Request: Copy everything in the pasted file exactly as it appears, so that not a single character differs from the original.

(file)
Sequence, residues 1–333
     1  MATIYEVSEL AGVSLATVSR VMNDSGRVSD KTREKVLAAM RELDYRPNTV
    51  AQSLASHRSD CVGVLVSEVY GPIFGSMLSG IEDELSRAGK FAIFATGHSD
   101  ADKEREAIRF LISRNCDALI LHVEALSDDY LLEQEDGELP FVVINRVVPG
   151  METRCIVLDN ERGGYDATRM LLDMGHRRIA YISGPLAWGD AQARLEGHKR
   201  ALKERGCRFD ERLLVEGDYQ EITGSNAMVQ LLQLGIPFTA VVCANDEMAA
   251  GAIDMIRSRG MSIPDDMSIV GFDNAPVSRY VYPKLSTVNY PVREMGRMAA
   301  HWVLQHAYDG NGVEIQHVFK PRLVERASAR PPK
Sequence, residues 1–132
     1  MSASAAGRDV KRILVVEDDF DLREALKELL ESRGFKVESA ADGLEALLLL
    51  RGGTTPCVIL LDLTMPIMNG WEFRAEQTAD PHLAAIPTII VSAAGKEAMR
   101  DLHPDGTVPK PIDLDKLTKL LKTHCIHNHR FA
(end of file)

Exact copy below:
Sequence, residues 1–333
     1  MATIYEVSEL AGVSLATVSR VMNDSGRVSD KTREKVLAAM RELDYRPNTV
    51  AQSLASHRSD CVGVLVSEVY GPIFGSMLSG IEDELSRAGK FAIFATGHSD
   101  ADKEREAIRF LISRNCDALI LHVEALSDDY LLEQEDGELP FVVINRVVPG
   151  METRCIVLDN ERGGYDATRM LLDMGHRRIA YISGPLAWGD AQARLEGHKR
   201  ALKERGCRFD ERLLVEGDYQ EITGSNAMVQ LLQLGIPFTA VVCANDEMAA
   251  GAIDMIRSRG MSIPDDMSIV GFDNAPVSRY VYPKLSTVNY PVREMGRMAA
   301  HWVLQHAYDG NGVEIQHVFK PRLVERASAR PPK
Sequence, residues 1–132
     1  MSASAAGRDV KRILVVEDDF DLREALKELL ESRGFKVESA ADGLEALLLL
    51  RGGTTPCVIL LDLTMPIMNG WEFRAEQTAD PHLAAIPTII VSAAGKEAMR
   101  DLHPDGTVPK PIDLDKLTKL LKTHCIHNHR FA